Unchecked type conversions can be achieved in any language that permits code insertions or address clauses. Such conversions may, for example, be needed if a user wants to define his own allocation strategy for access types. In this case, conversions from integer to access values are necessary to define an ALLOCATE procedure and a converse FREE procedure.
From the point of view of programming management (and also of maintainability) it is desirable to provide a standard way to achieve such unchecked conversions. In this way the parts of a program that use such dangerous features are made easier to identify. The following generic library function is predefined to that effect.
generic type SOURCE is limited private; type TARGET is limited private; function UNCHECKED_CONVERSION(S : SOURCE) return TARGET;
A program unit that uses unchecked type conversions must mention this generic function in its with clauses. A possible scenario is indicated with the package LIST_HANDLING given below:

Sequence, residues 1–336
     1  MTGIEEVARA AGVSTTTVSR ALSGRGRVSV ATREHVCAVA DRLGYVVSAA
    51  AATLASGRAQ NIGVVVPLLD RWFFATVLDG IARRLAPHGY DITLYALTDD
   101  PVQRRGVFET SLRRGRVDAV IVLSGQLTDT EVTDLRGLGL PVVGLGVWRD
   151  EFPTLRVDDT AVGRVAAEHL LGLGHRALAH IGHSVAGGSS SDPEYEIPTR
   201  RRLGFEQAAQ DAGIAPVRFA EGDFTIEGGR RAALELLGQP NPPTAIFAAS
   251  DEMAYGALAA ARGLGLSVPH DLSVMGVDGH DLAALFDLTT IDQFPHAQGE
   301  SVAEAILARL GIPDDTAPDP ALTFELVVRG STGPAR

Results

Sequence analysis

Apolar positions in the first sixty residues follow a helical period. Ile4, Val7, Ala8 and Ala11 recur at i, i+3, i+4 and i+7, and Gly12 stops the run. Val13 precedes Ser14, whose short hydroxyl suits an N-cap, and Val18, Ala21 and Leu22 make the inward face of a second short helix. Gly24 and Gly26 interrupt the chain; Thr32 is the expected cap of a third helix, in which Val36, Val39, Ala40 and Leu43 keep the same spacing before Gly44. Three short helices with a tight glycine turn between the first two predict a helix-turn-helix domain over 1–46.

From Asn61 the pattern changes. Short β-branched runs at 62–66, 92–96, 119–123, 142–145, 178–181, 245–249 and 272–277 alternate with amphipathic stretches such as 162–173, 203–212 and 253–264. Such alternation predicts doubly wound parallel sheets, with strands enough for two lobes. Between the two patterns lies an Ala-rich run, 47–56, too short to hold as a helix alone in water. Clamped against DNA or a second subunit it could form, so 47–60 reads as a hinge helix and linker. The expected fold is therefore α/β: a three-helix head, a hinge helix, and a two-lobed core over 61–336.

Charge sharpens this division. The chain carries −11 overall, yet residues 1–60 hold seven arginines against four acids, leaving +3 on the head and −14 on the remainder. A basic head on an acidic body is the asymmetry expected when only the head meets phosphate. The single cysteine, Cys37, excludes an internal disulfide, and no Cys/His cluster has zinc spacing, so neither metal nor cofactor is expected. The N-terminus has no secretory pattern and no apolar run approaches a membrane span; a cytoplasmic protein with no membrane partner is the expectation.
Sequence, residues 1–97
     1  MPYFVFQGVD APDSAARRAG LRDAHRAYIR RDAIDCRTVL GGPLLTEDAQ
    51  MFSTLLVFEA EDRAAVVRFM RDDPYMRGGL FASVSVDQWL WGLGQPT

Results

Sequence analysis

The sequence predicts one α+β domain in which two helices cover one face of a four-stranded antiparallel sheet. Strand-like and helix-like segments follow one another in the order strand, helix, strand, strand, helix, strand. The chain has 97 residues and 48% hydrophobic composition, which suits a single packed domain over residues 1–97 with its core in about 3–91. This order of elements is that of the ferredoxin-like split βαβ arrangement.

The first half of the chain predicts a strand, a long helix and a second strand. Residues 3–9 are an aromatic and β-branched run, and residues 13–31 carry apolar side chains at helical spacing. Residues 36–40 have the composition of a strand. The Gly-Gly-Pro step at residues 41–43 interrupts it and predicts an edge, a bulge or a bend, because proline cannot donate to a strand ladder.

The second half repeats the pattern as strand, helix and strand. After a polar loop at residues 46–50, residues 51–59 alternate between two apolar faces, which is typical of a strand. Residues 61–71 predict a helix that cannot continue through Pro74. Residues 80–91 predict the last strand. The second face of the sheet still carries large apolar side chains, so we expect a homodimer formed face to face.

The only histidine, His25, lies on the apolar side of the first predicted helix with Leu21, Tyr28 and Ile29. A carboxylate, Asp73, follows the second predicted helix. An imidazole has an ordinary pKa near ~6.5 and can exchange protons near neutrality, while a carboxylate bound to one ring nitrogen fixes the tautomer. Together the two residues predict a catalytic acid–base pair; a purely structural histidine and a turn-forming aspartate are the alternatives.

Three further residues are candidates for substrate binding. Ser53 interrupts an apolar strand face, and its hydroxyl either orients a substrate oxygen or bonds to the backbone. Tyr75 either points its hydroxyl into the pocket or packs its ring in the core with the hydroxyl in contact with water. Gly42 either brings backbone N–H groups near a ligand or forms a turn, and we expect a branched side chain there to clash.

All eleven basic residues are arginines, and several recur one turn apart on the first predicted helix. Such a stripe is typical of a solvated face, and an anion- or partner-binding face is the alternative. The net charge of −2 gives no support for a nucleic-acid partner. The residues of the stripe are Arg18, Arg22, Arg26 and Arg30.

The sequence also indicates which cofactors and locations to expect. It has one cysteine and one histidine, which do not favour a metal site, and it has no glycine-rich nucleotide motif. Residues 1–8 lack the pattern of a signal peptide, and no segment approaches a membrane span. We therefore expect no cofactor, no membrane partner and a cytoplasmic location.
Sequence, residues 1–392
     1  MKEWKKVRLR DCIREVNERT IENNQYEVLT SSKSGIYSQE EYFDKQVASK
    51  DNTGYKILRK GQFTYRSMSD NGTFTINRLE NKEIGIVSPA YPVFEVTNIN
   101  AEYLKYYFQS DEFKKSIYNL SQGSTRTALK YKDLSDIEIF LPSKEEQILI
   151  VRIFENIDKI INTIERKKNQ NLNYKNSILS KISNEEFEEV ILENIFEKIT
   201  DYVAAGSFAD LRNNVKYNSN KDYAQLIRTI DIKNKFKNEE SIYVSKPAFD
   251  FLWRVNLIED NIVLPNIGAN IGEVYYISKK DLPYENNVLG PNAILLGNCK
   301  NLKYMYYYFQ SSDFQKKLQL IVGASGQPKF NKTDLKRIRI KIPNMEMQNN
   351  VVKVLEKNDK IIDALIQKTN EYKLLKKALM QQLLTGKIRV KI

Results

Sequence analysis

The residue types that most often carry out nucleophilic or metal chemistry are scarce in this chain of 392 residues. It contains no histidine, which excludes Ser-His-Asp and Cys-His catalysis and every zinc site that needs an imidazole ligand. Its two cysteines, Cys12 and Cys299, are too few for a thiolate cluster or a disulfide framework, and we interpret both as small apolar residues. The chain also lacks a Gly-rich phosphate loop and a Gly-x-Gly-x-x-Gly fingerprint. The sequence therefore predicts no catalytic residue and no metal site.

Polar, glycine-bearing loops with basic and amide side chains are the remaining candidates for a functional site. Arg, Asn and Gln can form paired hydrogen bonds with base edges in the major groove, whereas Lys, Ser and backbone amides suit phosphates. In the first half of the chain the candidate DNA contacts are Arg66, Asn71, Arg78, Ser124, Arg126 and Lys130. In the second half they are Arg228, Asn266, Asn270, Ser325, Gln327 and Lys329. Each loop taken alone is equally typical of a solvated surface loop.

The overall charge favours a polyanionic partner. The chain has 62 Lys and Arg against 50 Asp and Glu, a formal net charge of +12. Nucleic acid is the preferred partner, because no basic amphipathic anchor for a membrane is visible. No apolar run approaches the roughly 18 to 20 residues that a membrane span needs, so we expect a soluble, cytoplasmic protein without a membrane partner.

package LIST_HANDLING is type PLACE; type LIST is access PLACE; type PLACE is record SUCC, PRED : LIST; VALUE : INTEGER; end record; ... procedure ALLOCATE (X : out LIST); procedure FREE (X : in out LIST); ... pragma CONTROLLED(LIST); -- no garbage collection for LIST'STORAGE_SIZE use 0; -- new will not be usable end; with UNCHECKED_CONVERSION; package body LIST_HANDLING is function INT_TO_LIST is new UNCHECKED_CONVERSION(SOURCE => INTEGER, TARGET => LIST); ... procedure ALLOCATE(X : out LIST) is ADDRESS : INTEGER; begin ... -- Compute address, Then: X := INT_TO_LIST(ADDRESS); end; ... end LIST_HANDLING;
The function INT_TO_LIST is obtained within the body of LIST_HANDLING by instantiation of UNCHECKED_CONVERSION, and is used to convert an integer address into a LIST.
The programming environment may be able to control and restrict the programs that are allowed to get access to the function UNCHECKED_CONVERSION.